Psalm 25:19
Consider my enemies; for they are many; and they hate me with cruel hatred.
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25:15-22 The psalmist concludes, as he began, with expressing dependence upon God, and desire toward him. It is good thus to hope, and quietly to wait for the salvation of the Lord. And if God turns to us, no matter who turns from us. He pleads his own integrity. Though guilty before God, yet, as to his enemies, he had the testimony of conscience that he had done them no wrong. God would, at length, give Israel rest from all their enemies round about. In heaven, God's Israel will be perfectly redeemed from all troubles. Blessed Saviour, thou hast graciously taught us that without thee we can do nothing. Do thou teach us how to pray, how to appear before thee in the way which thou shalt choose, and how to lift up our whole hearts and desires after thee, for thou art the Lord our righteousness.Consider mine enemies - See Psalm 25:2. It is evident that one source of the trouble referred to in the psalm was the fact that he had cruel foes, and that he was apprehensive of their designs. The train of thought seems to be, in accordance with the remarks above, that enemies actually surrounded him, and threatened him, and that this fact suggested the inquiry whether this was not permitted on account of his sins. this had led him to think of the sins of his past life, going back as far as his youth Psalm 25:7, as if these calamities, even in advanced life, were on account of those early offences.

For they are many - Who and what they were, we have now no means of ascertaining. See the notes at Psalm 25:16.

And they hate me with cruel hatred - Margin, as in Hebrew: "hatred of violence." It was such hatred as tended to violence; such that they could not restrain it. It sought his destruction, and was ready to break out at any moment.

16-19. A series of earnest appeals for aid because God had seemed to desert him (compare Ps 13:1; 17:13, &c.), his sins oppressed him, his enemies had enlarged his troubles and were multiplied, increasing in hate and violence (Ps 9:8; 18:48). Consider, Heb. look upon, as Psalm 25:18, to wit, with a revengeful eye, as Exodus 14:24 1 Chronicles 12:17 Psalm 104:32. For this general expression of looking upon is taken several ways in Scripture, and is to be determined by the context.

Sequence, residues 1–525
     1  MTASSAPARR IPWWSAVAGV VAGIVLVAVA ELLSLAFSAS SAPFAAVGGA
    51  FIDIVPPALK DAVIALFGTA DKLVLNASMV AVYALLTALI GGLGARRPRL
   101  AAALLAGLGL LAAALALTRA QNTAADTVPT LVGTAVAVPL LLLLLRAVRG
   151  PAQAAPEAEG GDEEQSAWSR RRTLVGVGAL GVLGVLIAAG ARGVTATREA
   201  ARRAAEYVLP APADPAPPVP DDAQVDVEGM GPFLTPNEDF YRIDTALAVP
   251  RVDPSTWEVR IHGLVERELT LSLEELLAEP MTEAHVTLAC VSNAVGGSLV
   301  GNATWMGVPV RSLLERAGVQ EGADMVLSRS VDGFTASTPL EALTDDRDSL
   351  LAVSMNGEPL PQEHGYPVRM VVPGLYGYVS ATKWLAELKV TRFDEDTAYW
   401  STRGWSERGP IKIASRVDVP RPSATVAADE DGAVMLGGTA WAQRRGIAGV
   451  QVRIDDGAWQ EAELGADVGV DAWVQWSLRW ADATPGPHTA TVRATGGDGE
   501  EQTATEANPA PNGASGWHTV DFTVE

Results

Cruel, Heb. violent or injurious, either without any cause given by me; or without any bounds, or in an implacable manner. Consider mine enemies,.... Or "look" (m) upon them; but with another kind of look; so as he looked through the pillar of fire upon the Egyptians, and troubled them, Exodus 14:24; with a look of wrath and vengeance. The arguments he uses are taken both from the quantity and quality of his enemies, their number and their nature;

for they are many; the hearts of the people of Israel, in general, being after Absalom, 2 Samuel 15:12; and so the spiritual enemies of the Lord's people are many; their sins and corruptions, Satan, and his principalities and powers, and the men of this world;

and they hate me with cruel hatred; like that of Simeon and Levi, Genesis 49:7; their hatred broke out in a cruel manner, in acts of force and cruelty; and it was the more cruel, inasmuch as it was without cause: and such is the hatred of Satan and his emissaries against the faithful followers of Christ; who breathe out cruelty, thirst after their blood, and make themselves drunk with it; even their tender mercies are cruel, and much more their hatred.

(m) "vide", Pagninus, Montanus, Musculus, Cocceius, Michaelis "aspice", Junius & Tremellius, Piscator; "intuere", Gejerus.

Consider mine {o} enemies; for they are many; and they hate me with cruel hatred.

(o) The greater that his afflictions were and the more that his enemies increased, the more near he felt God's help.

19. Consider] Behold, the same word as in Psalm 25:18.

with cruel hatred] Lit. a haired of violence, hatred inspired by and leading to cruelty. Cp. Psalm 11:5; Psalm 27:12.Verse 19. - Consider nine enemies; for they are many (comp. Psalm 3:7; Psalm 5:8; Psalm 6:7, 10; Psalm 7:1, 6; Psalm 17:9; Psalm 18:2, 17); and they hate me with cruel hatred. This would appear to point to domestic rather than foreign foes (see 2 Samuel 16:6-8). The verb לין (לוּן), probably equivalent to ליל (from ליל) signifies to tarry the night, to lodge. Good, i.e., inward and outward prosperity, is like the place where such an one turns in and finds shelter and protection. And in his posterity will be fulfilled what was promised to the patriarchs and to the people delivered from Egypt, viz., possession of the land, or as this promise runs in the New Testament, of the earth, Matthew 5:5 (cf. Psalm 37:11), Revelation 5:10.
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